Combined Leverage

Combined leverage is the leverage that refers to high profits due to fixed costs. The combination of operating leverage and financial leverage is called total leverage or combined leverage. It includes fixed operating expenses with fixed financial expenses. Operating leverage measures operating risk whereas financial leverage measures financial risks. It indicates leverage benefits and risks which are in a fixed quantity. Total leverage or combined leverage measures the total risk of the business. It measures the total risk of a firm. If operating leverage is greater than financial leverage then the firm should try to reduce it to maintain the level of risk vice versa. With the help of it, we can find out the effects of fixed operating cost and fixed financial charges on operating profit and earnings per share respectively.

Combined leverage shows the total risks associated with the firm. With the help of it, we can find out the effects of fixed operating cost and fixed financial charges on operating profit and earnings per shares respectively.

This leverage shows the relationship between a change in sales and the corresponding variation in taxable income. Operating leverage is measured by the percentage change in earnings before interest and tax due to percentage change in sales whereas financial leverage is measured by the percentage change in earnings per share due to percentage change in earnings before interest and tax. If the management feels that a certain percentage change in sales would result in a percentage change to the taxable income they would like to know the level or degree of change and hence they adopt this leverage. It is a combination of financial and operating leverage.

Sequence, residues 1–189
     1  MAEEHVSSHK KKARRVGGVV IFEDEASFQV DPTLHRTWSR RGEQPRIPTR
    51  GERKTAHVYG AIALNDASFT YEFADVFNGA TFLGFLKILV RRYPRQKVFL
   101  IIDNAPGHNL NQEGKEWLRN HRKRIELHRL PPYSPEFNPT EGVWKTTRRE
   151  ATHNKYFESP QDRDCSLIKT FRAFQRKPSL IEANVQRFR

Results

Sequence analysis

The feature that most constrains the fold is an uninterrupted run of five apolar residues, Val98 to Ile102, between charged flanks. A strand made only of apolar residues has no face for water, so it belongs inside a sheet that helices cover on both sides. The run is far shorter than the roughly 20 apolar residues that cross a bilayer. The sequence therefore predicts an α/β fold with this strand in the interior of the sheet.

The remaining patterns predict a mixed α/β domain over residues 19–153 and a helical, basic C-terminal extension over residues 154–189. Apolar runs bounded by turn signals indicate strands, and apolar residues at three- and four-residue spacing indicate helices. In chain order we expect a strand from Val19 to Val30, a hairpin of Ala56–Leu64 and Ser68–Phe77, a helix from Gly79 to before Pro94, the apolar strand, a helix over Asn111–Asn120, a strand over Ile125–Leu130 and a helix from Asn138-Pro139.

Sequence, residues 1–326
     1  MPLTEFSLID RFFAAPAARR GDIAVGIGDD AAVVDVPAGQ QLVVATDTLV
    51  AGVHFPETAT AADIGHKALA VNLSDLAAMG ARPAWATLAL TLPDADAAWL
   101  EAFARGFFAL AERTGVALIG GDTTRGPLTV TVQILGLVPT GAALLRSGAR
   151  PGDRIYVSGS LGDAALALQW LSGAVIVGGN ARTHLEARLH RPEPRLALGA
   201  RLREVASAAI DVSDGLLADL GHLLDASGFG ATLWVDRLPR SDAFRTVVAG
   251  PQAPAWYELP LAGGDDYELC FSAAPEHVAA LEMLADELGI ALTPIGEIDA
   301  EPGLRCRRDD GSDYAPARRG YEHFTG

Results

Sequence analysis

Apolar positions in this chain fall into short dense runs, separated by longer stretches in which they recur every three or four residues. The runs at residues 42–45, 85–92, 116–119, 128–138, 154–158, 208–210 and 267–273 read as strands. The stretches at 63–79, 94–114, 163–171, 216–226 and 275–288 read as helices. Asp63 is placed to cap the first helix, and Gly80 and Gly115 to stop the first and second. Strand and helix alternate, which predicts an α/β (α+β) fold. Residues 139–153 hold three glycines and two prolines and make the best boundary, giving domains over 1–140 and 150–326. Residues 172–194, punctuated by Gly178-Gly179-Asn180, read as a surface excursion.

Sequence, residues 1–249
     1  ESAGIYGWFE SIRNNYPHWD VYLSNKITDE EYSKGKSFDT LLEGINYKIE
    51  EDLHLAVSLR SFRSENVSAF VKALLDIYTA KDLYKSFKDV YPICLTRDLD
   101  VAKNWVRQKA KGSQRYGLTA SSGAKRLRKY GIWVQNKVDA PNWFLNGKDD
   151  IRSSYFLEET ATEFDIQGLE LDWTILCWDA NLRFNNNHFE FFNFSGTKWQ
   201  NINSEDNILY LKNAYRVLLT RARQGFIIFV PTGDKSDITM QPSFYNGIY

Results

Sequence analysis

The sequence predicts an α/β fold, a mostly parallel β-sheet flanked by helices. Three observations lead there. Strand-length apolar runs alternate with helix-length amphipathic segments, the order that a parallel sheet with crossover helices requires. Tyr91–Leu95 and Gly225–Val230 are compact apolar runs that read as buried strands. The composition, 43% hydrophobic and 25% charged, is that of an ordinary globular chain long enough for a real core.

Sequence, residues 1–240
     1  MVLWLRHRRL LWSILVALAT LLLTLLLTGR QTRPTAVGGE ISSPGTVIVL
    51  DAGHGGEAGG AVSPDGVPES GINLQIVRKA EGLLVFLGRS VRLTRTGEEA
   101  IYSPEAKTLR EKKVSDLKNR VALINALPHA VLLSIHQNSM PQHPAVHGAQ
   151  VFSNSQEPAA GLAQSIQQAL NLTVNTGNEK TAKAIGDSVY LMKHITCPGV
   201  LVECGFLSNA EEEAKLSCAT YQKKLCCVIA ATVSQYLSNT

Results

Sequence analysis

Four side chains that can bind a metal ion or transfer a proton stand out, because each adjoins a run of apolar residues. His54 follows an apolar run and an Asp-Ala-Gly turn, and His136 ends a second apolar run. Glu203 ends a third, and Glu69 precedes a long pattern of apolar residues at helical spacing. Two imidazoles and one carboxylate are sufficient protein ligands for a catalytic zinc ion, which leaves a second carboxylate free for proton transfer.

Formula:

If one income statement:

Combined Leverage = contribution margin / earnings before tax (EBT)

OR

If two income statements:

Degree of Combined Leverage =% change in earnings before tax (EPS) / % change in sales

OR

Degree of Combined Leverage (DCL) = DOL*DFL

Where,

DCL = Degree of Combined Leverage

DOL = Degree of Operating Leverage

DFL = Degree of Financial Leverage

Thus, the degree of leverage is adopted to forecast the future study of sales levels and resultant increase/decrease in taxable income. It indicates leverage benefits and risks which are in a fixed quantity. This decree establishes the relationship between contribution and taxable income. If operating leverage is greater than financial leverage then the firm should try to reduce it to maintain the level of risk vice versa.

 

Information Source: